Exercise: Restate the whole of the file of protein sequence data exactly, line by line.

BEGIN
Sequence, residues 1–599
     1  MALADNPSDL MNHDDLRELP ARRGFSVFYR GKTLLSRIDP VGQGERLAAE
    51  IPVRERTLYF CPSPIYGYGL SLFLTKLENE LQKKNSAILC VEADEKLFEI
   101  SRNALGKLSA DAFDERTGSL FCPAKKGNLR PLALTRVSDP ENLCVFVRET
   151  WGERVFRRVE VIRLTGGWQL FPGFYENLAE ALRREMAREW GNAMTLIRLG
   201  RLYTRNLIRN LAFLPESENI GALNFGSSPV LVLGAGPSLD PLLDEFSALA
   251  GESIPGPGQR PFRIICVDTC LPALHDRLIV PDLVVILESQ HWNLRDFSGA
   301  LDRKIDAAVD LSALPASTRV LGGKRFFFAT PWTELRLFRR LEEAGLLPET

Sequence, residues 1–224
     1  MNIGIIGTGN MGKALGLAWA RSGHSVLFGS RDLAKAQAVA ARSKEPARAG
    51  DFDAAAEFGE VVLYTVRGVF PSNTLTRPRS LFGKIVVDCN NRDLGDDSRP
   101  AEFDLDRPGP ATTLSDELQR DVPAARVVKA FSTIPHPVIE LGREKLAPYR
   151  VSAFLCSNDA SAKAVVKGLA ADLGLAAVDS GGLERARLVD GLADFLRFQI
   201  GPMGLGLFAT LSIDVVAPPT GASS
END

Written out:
Sequence, residues 1–599
     1  MALADNPSDL MNHDDLRELP ARRGFSVFYR GKTLLSRIDP VGQGERLAAE
    51  IPVRERTLYF CPSPIYGYGL SLFLTKLENE LQKKNSAILC VEADEKLFEI
   101  SRNALGKLSA DAFDERTGSL FCPAKKGNLR PLALTRVSDP ENLCVFVRET
   151  WGERVFRRVE VIRLTGGWQL FPGFYENLAE ALRREMAREW GNAMTLIRLG
   201  RLYTRNLIRN LAFLPESENI GALNFGSSPV LVLGAGPSLD PLLDEFSALA
   251  GESIPGPGQR PFRIICVDTC LPALHDRLIV PDLVVILESQ HWNLRDFSGA
   301  LDRKIDAAVD LSALPASTRV LGGKRFFFAT PWTELRLFRR LEEAGLLPET

Sequence, residues 1–224
     1  MNIGIIGTGN MGKALGLAWA RSGHSVLFGS RDLAKAQAVA ARSKEPARAG
    51  DFDAAAEFGE VVLYTVRGVF PSNTLTRPRS LFGKIVVDCN NRDLGDDSRP
   101  AEFDLDRPGP ATTLSDELQR DVPAARVVKA FSTIPHPVIE LGREKLAPYR
   151  VSAFLCSNDA SAKAVVKGLA ADLGLAAVDS GGLERARLVD GLADFLRFQI
   201  GPMGLGLFAT LSIDVVAPPT GASS